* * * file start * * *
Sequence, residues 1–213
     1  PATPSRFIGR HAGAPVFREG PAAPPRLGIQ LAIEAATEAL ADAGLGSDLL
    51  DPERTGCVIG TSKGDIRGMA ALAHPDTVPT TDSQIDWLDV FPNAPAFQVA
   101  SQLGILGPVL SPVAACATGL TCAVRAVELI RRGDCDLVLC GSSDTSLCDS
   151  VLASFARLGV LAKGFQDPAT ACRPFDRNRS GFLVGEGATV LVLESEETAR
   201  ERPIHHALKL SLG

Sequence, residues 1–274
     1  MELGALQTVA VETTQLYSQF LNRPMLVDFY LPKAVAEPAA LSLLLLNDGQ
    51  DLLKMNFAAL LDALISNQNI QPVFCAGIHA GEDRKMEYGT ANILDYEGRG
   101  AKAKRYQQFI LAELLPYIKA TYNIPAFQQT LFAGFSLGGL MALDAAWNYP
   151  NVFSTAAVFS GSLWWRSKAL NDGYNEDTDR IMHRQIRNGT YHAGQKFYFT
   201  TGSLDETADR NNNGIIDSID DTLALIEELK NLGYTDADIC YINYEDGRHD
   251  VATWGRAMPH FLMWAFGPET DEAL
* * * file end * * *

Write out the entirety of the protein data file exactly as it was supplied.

Sequence, residues 1–213
     1  PATPSRFIGR HAGAPVFREG PAAPPRLGIQ LAIEAATEAL ADAGLGSDLL
    51  DPERTGCVIG TSKGDIRGMA ALAHPDTVPT TDSQIDWLDV FPNAPAFQVA
   101  SQLGILGPVL SPVAACATGL TCAVRAVELI RRGDCDLVLC GSSDTSLCDS
   151  VLASFARLGV LAKGFQDPAT ACRPFDRNRS GFLVGEGATV LVLESEETAR
   201  ERPIHHALKL SLG

Sequence, residues 1–274
     1  MELGALQTVA VETTQLYSQF LNRPMLVDFY LPKAVAEPAA LSLLLLNDGQ
    51  DLLKMNFAAL LDALISNQNI QPVFCAGIHA GEDRKMEYGT ANILDYEGRG
   101  AKAKRYQQFI LAELLPYIKA TYNIPAFQQT LFAGFSLGGL MALDAAWNYP
   151  NVFSTAAVFS GSLWWRSKAL NDGYNEDTDR IMHRQIRNGT YHAGQKFYFT
   201  TGSLDETADR NNNGIIDSID DTLALIEELK NLGYTDADIC YINYEDGRHD
   251  VATWGRAMPH FLMWAFGPET DEAL